Still, nothing could save a season like beating your rivals in their house while preserving your playoff hopes and potentially dashing their's. The Seahawks must remain on high alert, because the 49ers were a wounded animal with their back's up against the wall. There is nothing more dangerous, in football, and in life.

This was the match up that awaited me. The light at the end of the tunnel. A chance to bury the 49ers season. What could be better? 

I plowed through the work week. Suddenly, standing in the cold for 12 hours didn't seem as bad as it once did. I don't know if it was the propane heater keeping me warm, or if my body had genuinely adapted to being in the cold weather for long periods at a time. Either way, I was "doing what ya gotta do" when you really want something in life. For me, it was continuing to make it to every game and witnessing this 2014 version of the Seahawks do what the 2013 Seahawks had done 10 months prior.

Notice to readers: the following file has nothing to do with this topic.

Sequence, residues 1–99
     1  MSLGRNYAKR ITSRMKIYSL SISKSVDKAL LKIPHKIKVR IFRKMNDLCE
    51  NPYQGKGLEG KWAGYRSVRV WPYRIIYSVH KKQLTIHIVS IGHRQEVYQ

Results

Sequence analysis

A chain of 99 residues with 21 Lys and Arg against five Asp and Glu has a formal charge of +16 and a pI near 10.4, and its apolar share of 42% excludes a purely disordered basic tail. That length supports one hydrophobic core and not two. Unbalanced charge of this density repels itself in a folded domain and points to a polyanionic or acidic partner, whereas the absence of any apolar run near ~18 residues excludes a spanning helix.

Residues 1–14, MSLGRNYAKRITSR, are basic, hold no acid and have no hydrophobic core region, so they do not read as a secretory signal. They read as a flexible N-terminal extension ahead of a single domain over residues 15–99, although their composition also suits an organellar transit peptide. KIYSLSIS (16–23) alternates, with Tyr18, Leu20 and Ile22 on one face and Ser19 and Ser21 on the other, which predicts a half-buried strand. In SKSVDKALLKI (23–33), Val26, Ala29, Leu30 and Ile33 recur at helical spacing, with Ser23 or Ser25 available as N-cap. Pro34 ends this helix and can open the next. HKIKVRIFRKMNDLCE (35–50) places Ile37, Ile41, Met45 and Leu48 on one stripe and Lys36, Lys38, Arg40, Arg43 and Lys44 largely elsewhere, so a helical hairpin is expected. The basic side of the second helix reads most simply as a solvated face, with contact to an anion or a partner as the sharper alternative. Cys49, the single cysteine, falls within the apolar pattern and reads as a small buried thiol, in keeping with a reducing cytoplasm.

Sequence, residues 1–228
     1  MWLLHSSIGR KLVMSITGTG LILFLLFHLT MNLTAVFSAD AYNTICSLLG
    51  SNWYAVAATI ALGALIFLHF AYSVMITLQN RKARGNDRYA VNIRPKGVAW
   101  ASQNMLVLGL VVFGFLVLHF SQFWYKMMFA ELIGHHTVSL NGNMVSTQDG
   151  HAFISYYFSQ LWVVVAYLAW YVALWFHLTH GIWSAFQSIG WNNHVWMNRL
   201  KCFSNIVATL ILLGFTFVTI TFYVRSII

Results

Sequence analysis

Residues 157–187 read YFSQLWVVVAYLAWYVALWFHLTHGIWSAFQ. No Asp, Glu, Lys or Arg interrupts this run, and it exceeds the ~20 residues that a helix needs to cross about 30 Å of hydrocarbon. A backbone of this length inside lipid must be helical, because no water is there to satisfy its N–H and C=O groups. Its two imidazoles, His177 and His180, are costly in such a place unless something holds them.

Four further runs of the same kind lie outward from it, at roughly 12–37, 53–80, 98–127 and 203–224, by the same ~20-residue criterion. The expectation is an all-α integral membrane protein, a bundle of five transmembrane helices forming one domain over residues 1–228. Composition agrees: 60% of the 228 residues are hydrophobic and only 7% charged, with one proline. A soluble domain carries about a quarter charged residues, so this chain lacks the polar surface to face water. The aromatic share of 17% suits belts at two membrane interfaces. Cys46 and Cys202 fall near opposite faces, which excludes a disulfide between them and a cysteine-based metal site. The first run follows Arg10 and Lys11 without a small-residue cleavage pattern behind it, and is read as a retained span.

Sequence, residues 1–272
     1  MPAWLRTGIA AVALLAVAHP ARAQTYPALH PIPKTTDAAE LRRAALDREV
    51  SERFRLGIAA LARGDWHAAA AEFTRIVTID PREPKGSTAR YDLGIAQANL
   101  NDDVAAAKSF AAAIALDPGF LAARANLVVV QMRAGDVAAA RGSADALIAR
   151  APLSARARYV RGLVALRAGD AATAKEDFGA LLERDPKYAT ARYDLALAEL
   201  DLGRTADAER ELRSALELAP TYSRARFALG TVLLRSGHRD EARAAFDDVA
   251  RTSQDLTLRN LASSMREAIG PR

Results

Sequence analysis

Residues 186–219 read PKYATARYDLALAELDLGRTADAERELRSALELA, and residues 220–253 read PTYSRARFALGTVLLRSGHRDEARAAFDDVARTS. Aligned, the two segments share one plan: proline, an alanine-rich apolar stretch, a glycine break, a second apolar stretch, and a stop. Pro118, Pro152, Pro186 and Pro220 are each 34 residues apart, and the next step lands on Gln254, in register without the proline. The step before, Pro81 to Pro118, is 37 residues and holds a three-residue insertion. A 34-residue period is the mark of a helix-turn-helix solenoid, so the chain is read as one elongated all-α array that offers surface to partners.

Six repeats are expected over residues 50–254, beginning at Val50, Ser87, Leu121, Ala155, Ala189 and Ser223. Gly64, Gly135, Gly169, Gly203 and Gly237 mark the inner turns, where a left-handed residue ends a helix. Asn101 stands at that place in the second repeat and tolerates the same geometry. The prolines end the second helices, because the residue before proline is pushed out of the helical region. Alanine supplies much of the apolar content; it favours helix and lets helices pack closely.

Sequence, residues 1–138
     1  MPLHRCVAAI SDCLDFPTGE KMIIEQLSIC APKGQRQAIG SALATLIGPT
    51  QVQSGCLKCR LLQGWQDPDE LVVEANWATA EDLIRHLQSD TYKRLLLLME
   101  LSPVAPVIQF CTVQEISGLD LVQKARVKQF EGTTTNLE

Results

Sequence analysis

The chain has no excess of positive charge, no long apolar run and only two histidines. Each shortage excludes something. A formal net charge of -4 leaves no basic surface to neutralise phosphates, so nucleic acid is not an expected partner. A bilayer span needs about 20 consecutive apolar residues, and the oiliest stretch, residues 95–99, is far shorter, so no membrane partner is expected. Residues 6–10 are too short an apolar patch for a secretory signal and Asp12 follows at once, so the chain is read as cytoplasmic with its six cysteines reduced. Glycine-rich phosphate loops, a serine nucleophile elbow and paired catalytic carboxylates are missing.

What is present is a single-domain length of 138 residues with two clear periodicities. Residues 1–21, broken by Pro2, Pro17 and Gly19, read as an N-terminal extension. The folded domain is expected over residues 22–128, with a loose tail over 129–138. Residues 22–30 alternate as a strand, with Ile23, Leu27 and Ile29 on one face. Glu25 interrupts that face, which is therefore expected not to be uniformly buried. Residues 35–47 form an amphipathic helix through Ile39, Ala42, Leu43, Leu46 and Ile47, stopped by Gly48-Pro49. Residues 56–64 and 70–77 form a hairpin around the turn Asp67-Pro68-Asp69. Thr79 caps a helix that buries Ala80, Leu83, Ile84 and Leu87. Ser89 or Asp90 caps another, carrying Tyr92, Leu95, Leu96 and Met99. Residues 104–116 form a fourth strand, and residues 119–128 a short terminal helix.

All the days seem to blend together when I'm at work. You meet new, interesting people every day when you're working in the West Village in Manhattan at a pickle stand, but at the end of the day, the routine of serving the pickles becomes exactly that, a routine. It's not an increasingly difficult job either, other than withstanding the elements, so it can become quite routine and days do tend to blend.

One day did stand out among the others though, for a change. It was Friday, and my flight was scheduled to depart out of Newark the following day. Jazz had fronted me the cash to buy my flights earlier in the week, when tickets were at their cheapest. I was extremely grateful for that and looked forward to seeing him on Friday night so that I could pay him back what I owed him. I had our hangout on my mind throughout the day at work, until I walked up to the IFC Theater on the Avenue of the America's. IFC is right down the block from the pickle stand, and they let us use their restrooms in exchange for free pickles. Pickle bartering at it's finest.